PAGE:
OK here’s the pics: (click for full size images: note the colours are not exactly right in these pictures, the canvas is more of a green khaki than this brown – I’ll get more pics as soon as I have them).
The swag rolled up with carry handle – the rolled up swag measures about 60cms long by about 25cms width:
The storm flap open for good weather and easy access: this pic also shows the elipsed foot section and the natural dome shape that helps to shed rain.
The heavy duty zips with snug overlap where the canvas joins the PVC:
Photos showing thermarest self-inflating mattress and sleeping bag arrangement, with the pillow pocket and storm flap:
The full Wynnchester canvas bedroll/swag – simple, elegant and above all TOUGH as nails!:
[Update: there are new photos of the latest model in a darker green khaki colour with twin pre-curved aluminium poles on the website at www.wynnchester.co.uk. ]
[Update: new Wild Canvas Australian Swags will soon be available to buy online – see latest post.
Australia is the home of the canvas “swag” of course, and the best place to look out for the range of different styles and prices available down under is the Australian Ebay site. This one above from Ebay is the height of luxury in a swag: a one person canvas hotel room! It’s an an Onland Woodland CDK Canvas KING SIZE Dome Swag with FREE bag & Stubby Holder! An extensive set of features includes:
- Fibreglass poles at head,centre and foot for easy entry and comfortable space
- Heavy duty PVC waterproofed base
- External window with roll up flap
- Zippered mozzie net in top section for ventilation
- Made from 14oz waterproofed cotton canvas
- Stainless steel “D” rings
- Heavy duty #10 coil zip
- 2″ High density foam mattress with removable cotton cover
Now that’s luxury 😉 Here’s the Ebay link – worth a look at some of the other Australian swags for sale on there too.
Source: Period Shelters -http://poisonriverparty.homestead.com/Shelters.html
In fact this construct was used widely in woodland camping by the North Eastern native American populations. One such construction was shown in Ray Mears series on “Rogers Rangers” an exploration of how WIlliam Rogers led expeditions and raiding parties in the early british military campaigns in the Frontier country with Canada, fighting both the French and the opposing native tribes. The demonstration by a descendent of the local tribes showed how a half dome shelter would be built. Interestingly the structure of the frame would be made at the camp site, from materials found thereabouts, whilst the covering was made from wide sheets of birchbark, which being the most valuable material as well as extremely lightweight, would be carried from camp to camp – a new frame simply being built as required at the next location.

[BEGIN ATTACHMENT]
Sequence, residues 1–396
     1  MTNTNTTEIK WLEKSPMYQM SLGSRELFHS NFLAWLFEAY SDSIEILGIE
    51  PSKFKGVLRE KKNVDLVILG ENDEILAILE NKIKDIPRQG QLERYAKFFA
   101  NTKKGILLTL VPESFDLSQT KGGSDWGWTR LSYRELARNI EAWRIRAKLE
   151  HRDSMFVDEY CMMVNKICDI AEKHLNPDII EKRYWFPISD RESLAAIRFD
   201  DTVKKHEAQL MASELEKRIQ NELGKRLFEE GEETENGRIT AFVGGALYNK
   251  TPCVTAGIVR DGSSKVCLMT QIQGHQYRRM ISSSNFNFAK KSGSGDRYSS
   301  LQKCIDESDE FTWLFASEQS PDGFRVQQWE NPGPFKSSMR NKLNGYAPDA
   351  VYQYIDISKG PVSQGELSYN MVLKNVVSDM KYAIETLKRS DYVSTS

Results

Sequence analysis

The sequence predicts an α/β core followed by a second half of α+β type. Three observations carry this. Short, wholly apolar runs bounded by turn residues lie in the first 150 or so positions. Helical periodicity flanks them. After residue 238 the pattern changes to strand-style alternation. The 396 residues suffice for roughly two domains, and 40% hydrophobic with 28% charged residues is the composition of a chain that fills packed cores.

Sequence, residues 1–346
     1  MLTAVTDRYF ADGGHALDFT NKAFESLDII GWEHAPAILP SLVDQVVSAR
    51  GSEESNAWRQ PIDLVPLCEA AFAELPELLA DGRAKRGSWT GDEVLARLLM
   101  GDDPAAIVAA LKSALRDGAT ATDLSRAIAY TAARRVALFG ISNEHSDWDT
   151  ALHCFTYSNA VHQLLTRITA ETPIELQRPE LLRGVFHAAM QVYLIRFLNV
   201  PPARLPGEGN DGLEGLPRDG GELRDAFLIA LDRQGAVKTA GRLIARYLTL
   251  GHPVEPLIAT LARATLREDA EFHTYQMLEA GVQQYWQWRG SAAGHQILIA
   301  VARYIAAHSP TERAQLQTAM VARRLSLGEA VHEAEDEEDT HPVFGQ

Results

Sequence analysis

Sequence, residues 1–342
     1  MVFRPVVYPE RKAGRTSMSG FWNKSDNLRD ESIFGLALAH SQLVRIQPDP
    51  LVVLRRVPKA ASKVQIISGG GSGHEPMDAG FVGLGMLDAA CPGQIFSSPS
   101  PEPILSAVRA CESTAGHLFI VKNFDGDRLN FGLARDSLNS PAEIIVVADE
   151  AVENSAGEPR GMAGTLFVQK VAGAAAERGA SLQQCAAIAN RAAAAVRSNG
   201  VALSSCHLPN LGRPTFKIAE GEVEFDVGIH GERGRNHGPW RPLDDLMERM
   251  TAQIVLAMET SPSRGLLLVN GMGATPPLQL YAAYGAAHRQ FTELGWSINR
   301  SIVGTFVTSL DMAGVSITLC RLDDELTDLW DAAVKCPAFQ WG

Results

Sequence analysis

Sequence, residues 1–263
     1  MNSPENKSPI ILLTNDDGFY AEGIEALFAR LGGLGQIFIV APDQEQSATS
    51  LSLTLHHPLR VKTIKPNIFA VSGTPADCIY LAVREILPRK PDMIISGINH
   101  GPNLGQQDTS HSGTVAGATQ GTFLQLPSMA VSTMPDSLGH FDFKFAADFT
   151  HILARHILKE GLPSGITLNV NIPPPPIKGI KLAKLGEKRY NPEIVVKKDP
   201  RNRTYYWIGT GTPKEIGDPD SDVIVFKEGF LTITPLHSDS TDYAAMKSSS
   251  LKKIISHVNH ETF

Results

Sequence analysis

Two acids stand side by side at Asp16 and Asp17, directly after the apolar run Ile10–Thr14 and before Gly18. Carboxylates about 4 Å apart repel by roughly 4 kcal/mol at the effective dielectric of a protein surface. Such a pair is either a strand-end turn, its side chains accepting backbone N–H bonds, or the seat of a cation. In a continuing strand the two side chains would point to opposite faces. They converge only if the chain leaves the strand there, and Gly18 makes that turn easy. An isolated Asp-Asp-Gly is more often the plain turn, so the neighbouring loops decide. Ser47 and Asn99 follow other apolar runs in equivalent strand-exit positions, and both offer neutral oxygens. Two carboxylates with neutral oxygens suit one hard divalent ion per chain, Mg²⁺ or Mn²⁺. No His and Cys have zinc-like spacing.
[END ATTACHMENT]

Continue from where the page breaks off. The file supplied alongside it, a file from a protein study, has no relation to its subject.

Ray shows how with a fire built out front the shelter is extremely insulating, and practical allowing easy access in and out, and the ability to cook under cover using the fire in front of the shelter. These are all characteristics of the “Campfire Tent” or “Baker Tent” we were looking for.
That episode showed a beautiful end result of this technique – I am keen to try this technique, but using a tarp instead of birchbark.
So in searching for a modern version of this ‘half-dome campfire tent’ i began looking into surprisingly fishing “bivvies” which typically do have this half dome shape, as well as a rigid or semi-rigid frame built in. There are many types of these bivvies on the market, with the key differentiating from our point of view being weight and b8ulk, as we will want to carry this in a canoe, as well as portaging where necessary.
So clearly some of the larger more heavy duty fishing shelters, or “carp bivvies” or “brollys” as they are also known in the world of course fishing are not suitable in this case. The most interesting I found were these two:
The Fox Evolution XS Shelter/Bivvi.
This has a rigid, interlocking hooped frame which interestingly stays in place when the shelter is collapsed, making setting up and taking down very quick and simple, as well as great resistance against the wind. Also importantly this one can be set lower in bad weather, another feature of Bill Mason’s campfire tents – that of being highly adjustable to the weather conditions. Here’s a pic:
(a good review here) The downside of course here is that its still quite heavy at 4.2kg (if you compare to a tarp/pole/line setup), but even more importantly its bulky at 1.9m long (!) and 11cm’s diameter size when packed.
All the fishing bivvi info you’ll ever need is here at http://www.bivvies.co.uk/
The Wychwood Rogue Shelter.
This is the most lightweight of the bivvi shelters, with simple shock-corded poles in place of more rigid frames, but again the ability to change the shape significantly from wide open and high at the front very low and enclosed in bad weather. The shelter is extremely lightweight, has good fixings and guy ropes and is very easy to put up (once you’ve tried a few times – at first its quite confusing!). So this one really began to get our attention and we purchase one on Ebay for an incredibly cheap price of just £25, compared to the normal price of about £48. It was a brand new and unpacked one…and in fact the chap who sent it out actually sent out 5 in one box not realising it was a group – I let him know and he arrnged for the others to be picked up – we’re an honest lot here.